The Internet, marvellous as it is, hasn’t had a proper service in nearly 50 years – and it badly needs one. The fundamental protocols to carry communications and media were designed for a more innocent age when people didn’t need to be nearly so anxious about their personal privacy online, or about terrorists making use of encrypted communications.
Today, the Internet and its users face a double threat. On the one hand, it seems there is almost no privacy available. Advertisers mine our every activity for data to refine their profiles our interests. Passwords and then credit card details are regularly stolen. Pictures are stolen and misused by advertisers and worse. A simple search can unearth the secrets of our youth that we’d prefer forgotten. And more.
On the other hand, some users of the Internet appear to have nothing to fear: terrorists and criminals communicating and planning using encryption to hide their traces. Very strong encryption is freely available and easy-to-use. Not even the supercomputers available to government can crack the public key encryption schemes available to anyone who wishes to seek out the apps required.
The social networks and app developers involved – to avoid responsibility, it seems, though it may be dressed up as concern for users’ privacy – wash their hands of the matter. They refuse to store messages or keys and thus are unable to help with legal intercept requests. This leaves national security and police authorities with their hands tied, unable to apply the law in the ways they are used to being able to in the physical world.
But this weakness for security and privacy are born out of design. The outer layers of the Internet, where social networks and messaging apps exist, have moved faster than its lowest levels.
The technological foundations of the Internet, invented in 1969 to enhance communications between a limited number of academic, corporate and defence systems, and initially named DARPANET, have barely moved on. There was no thought around maintaining personal privacy on these systems back then, nor was there any thought given to the widespread use of sophisticated encryption systems.
Much the same thing is true of our legal system which, in the UK, relies on a complex hierarchy of precedents and legal acts, dating back centuries. Many current lawmakers continue to have a weak grasp of technology, and are prone to making over-generalisations that are neither practical, nor ultimately in their nation’s best interest.
To find a solution, we need to change the Internet, and our social networks. We need to retrofit our beloved, but dated, 1969 communications network with the powers it needs to continue to provide the amazing benefits it has done to date, but with safety and privacy embedded. We need a blanket policy that will treat everyone the same, and give everyone their rightly deserved privacy.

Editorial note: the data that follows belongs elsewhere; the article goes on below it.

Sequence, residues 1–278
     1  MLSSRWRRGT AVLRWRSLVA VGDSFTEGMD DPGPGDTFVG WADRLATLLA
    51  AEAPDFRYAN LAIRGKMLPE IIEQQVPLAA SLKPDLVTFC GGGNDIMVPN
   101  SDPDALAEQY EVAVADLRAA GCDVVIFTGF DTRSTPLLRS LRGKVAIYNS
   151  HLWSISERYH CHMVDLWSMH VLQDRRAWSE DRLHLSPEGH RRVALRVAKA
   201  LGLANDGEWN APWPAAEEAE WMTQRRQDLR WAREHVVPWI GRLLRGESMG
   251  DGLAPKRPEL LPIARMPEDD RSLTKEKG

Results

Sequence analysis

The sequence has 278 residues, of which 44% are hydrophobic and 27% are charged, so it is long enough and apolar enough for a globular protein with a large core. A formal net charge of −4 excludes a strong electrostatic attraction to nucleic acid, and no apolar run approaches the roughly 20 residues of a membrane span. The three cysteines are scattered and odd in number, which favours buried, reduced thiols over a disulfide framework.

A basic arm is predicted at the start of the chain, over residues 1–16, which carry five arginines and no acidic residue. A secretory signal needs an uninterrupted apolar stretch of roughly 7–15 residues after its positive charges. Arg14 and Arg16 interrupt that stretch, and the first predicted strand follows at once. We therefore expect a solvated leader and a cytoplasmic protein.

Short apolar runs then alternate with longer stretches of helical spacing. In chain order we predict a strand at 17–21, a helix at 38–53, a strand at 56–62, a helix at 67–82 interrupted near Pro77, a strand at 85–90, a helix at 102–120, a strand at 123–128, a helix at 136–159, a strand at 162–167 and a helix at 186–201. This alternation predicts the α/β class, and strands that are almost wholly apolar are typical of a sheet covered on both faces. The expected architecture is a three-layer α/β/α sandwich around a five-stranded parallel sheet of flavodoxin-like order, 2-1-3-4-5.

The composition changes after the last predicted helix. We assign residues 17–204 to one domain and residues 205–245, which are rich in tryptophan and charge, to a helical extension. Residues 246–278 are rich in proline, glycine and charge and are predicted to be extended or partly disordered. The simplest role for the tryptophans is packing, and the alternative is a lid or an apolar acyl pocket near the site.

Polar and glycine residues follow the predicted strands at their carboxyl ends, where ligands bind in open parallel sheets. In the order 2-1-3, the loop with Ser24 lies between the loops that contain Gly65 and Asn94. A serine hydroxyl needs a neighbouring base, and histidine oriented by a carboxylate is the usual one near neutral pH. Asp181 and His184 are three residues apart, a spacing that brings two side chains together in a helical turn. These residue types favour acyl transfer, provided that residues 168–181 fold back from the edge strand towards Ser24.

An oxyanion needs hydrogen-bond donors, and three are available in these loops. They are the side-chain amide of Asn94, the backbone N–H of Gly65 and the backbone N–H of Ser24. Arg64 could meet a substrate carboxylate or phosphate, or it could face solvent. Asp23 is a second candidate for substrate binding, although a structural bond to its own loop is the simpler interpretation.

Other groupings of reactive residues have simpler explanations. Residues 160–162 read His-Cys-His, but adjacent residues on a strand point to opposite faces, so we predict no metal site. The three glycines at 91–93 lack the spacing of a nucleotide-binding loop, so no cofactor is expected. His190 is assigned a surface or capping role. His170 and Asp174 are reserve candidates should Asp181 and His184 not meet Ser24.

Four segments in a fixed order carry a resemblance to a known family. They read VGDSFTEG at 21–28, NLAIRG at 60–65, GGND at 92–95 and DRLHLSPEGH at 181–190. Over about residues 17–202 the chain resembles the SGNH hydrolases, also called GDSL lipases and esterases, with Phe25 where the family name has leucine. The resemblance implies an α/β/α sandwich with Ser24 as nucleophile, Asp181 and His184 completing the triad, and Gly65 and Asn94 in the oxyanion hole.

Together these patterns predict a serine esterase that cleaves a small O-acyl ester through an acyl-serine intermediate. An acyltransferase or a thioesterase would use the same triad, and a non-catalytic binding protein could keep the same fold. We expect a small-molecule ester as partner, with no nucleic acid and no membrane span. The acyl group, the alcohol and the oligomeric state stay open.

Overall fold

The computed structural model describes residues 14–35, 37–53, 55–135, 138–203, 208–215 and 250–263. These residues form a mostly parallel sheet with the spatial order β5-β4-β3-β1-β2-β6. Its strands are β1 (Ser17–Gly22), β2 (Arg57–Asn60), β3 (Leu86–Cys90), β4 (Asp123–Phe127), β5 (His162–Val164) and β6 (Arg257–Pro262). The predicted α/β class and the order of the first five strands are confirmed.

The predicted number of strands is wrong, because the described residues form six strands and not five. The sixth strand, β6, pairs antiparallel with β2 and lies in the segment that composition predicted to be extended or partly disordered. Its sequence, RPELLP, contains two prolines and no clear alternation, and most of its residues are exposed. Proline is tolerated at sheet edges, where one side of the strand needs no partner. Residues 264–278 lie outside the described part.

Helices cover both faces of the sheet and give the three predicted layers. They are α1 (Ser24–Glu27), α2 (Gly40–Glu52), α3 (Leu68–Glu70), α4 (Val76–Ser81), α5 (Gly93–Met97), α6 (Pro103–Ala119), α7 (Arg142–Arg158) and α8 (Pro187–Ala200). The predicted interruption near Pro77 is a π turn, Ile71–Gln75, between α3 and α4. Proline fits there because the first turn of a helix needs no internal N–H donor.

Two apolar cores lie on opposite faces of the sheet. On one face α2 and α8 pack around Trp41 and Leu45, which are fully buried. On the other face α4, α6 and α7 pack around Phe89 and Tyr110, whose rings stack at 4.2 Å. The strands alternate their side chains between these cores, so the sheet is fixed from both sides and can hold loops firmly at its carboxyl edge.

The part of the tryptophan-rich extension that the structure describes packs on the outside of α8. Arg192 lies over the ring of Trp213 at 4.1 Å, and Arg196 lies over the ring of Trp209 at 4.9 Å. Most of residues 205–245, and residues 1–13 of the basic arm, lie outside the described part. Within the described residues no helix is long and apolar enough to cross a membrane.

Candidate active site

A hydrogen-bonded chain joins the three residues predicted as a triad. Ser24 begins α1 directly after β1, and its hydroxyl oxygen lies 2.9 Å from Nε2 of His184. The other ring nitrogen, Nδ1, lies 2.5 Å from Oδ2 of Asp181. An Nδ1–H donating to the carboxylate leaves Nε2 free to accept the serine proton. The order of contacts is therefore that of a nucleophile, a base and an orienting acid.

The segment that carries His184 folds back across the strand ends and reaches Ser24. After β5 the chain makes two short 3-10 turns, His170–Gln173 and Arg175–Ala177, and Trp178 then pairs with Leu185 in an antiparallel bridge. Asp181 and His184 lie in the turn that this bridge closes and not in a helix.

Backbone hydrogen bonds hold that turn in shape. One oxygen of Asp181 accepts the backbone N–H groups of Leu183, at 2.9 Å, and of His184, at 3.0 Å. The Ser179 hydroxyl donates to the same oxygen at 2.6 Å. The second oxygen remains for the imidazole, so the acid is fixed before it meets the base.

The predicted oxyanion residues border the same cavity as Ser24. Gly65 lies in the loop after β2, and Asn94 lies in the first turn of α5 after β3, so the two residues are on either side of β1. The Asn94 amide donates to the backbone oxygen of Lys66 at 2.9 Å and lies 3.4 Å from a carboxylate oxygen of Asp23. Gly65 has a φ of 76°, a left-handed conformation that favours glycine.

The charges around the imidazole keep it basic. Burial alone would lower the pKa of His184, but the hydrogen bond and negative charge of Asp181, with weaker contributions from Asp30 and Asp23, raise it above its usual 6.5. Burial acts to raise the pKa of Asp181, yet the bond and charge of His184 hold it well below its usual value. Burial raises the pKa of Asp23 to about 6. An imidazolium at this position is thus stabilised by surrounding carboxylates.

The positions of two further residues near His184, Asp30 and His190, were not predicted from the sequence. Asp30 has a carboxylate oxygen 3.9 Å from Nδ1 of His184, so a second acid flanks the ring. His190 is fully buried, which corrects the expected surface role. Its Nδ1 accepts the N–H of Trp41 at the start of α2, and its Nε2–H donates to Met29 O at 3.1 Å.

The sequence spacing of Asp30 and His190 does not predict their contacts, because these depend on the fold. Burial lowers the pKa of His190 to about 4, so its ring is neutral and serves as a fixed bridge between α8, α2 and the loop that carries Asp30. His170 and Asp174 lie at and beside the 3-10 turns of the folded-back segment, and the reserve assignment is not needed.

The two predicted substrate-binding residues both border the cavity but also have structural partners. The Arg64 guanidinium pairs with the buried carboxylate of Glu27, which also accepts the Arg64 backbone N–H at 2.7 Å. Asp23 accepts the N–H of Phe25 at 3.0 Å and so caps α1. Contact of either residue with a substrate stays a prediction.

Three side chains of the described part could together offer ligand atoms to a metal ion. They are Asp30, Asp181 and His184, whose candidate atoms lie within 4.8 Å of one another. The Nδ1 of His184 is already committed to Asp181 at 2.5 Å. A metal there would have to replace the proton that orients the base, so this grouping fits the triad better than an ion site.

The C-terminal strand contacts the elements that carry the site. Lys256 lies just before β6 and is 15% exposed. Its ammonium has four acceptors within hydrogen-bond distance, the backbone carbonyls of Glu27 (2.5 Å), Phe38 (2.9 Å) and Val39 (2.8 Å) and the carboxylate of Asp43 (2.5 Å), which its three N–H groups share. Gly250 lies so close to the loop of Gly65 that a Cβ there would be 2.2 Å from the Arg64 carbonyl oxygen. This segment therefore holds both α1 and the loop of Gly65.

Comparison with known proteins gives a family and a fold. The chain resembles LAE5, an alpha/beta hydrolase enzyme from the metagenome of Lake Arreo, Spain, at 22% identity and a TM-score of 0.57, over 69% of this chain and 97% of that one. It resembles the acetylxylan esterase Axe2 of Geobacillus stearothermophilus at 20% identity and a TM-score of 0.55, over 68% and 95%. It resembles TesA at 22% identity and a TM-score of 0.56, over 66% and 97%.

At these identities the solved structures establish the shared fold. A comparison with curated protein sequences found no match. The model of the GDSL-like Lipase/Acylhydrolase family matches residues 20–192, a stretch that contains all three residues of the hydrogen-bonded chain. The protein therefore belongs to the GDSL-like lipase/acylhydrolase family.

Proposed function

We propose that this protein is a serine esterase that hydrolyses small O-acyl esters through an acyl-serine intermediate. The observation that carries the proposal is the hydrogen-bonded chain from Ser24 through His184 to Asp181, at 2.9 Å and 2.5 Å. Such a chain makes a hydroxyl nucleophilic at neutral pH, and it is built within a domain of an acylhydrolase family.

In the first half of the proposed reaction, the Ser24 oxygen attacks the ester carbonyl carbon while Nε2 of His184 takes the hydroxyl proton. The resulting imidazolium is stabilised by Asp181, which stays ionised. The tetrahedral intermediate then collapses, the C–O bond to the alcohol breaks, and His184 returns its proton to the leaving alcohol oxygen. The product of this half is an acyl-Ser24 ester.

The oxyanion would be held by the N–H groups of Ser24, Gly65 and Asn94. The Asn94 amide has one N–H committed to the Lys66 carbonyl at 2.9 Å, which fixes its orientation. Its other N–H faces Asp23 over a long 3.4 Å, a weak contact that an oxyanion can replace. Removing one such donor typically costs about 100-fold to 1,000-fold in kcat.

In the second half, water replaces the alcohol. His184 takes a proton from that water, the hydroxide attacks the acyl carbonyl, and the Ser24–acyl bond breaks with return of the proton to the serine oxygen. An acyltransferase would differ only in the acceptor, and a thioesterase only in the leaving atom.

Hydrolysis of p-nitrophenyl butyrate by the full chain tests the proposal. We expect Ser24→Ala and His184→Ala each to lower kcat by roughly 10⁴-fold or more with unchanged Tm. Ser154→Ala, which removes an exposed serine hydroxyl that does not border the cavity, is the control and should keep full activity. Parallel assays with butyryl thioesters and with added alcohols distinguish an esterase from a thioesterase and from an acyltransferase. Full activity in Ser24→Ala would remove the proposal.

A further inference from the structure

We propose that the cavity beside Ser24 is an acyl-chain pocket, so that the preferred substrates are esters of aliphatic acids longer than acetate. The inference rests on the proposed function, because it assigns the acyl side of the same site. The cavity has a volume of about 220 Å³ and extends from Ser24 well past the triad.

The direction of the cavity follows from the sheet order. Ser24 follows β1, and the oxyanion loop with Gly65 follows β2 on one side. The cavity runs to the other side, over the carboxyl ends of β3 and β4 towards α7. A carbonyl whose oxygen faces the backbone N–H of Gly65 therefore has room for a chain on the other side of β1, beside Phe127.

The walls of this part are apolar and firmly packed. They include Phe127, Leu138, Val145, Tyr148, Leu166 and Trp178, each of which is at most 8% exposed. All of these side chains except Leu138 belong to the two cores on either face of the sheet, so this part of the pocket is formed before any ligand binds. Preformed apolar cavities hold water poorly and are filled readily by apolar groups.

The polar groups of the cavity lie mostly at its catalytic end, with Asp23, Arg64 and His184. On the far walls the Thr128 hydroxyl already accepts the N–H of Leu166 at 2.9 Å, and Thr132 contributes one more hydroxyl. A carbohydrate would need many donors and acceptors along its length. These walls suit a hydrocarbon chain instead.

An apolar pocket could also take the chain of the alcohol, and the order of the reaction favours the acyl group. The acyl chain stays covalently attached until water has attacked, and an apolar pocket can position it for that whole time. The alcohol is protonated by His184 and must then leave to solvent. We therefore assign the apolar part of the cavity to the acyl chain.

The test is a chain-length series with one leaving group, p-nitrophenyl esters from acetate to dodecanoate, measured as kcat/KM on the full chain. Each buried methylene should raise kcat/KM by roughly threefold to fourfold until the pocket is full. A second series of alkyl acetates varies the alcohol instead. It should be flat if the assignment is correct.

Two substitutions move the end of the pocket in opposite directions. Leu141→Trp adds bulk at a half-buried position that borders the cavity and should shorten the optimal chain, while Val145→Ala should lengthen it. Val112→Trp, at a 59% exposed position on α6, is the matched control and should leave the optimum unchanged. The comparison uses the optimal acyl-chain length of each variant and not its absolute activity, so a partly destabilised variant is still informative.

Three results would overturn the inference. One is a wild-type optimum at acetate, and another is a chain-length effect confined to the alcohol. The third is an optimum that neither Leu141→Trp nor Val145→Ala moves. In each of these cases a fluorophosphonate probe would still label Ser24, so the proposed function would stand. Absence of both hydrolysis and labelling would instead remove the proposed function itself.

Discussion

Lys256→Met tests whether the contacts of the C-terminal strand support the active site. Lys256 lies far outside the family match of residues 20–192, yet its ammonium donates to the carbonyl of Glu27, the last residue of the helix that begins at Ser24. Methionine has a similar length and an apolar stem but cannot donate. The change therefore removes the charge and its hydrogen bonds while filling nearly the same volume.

A mechanism for privacy should be provided at the application layer of the Internet and this involves several steps, and some caveats. To take part on the Internet, identities ought to be verified. This is a complex area, and the verification credentials required of a 10-year-old girl might not be the same ones required of a 30-year-old man. But the broad proposition is that everyone should have a verifiable identity on the Internet that remains the same throughout one’s life, much like your passport.
Encrypt To Protect
So, everything to be encrypted by law. Everything. Nobody, and no commercial organisation, will be allowed to read or identify your messages, browsing history or any other content you have produced on the Internet through any kind of scanning without your explicit consent.
The proviso is that when your actions and your content are encrypted, very securely, then the keys to that encryption action are retained by the service provider. If the law enforcement or national security authorities require access to those keys, then the regulated service provider will yield them, for the specific actions for which they have a warrant. Only people with something to hide should have anything to fear – again, only warranted authorities would be allowed access.
This, I believe, is the only solution. We need privacy. We need security. We cannot continue as a free, democratic society without a balance between those two things. I believe that legitimised key escrow, through agencies regulated by government, as telcos and ISPs already are, is the only solution.
No Easy Way
There’s no doubt that a transition to such a state will be resisted by some, and from well-meaning intentions. People, by-and-large, don’t want to change. Lobbyists perceiving a threat to the purity of the Internet will resist any infringement to existing rights. And not least, be sure that such a change would require a considerable body of legislation, communication and reassurance. It will be a long, hard road.
But consider the alternative. Across most of the Internet, private networks are harvesting everything you do, say and post. And make no mistake that state authorities are not equally interested in probing your digital persona on a mass scale. You have no privacy whatsoever in the current environment. Encryption will change the rules for that engagement – in the favour of private citizens.
The encryption tools we have now are empowering terrorists, who currently face no checks to their organisation, recruitment, and operational efforts. This state of affairs cannot be allowed to continue. Server-centric encryption against verified identities will make our Internet safe again.